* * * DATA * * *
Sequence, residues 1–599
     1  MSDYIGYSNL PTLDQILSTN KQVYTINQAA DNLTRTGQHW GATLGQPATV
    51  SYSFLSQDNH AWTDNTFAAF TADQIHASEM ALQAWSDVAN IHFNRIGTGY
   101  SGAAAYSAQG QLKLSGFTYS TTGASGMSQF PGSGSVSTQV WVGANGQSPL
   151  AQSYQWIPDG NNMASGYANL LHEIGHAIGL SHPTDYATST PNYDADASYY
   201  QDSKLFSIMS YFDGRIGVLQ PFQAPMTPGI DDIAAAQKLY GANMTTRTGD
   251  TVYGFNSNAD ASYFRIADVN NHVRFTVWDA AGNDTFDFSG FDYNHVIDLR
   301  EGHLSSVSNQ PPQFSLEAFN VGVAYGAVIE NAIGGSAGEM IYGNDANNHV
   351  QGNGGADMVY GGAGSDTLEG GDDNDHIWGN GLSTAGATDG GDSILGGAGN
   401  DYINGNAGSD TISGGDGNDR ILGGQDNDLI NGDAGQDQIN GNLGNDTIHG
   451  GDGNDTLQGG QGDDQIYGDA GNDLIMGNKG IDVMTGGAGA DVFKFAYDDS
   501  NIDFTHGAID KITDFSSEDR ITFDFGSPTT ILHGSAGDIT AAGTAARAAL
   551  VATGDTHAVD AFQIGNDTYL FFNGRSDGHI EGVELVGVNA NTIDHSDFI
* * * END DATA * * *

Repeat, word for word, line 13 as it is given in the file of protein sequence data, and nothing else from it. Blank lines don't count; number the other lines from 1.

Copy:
   551  VATGDTHAVD AFQIGNDTYL FFNGRSDGHI EGVELVGVNA NTIDHSDFI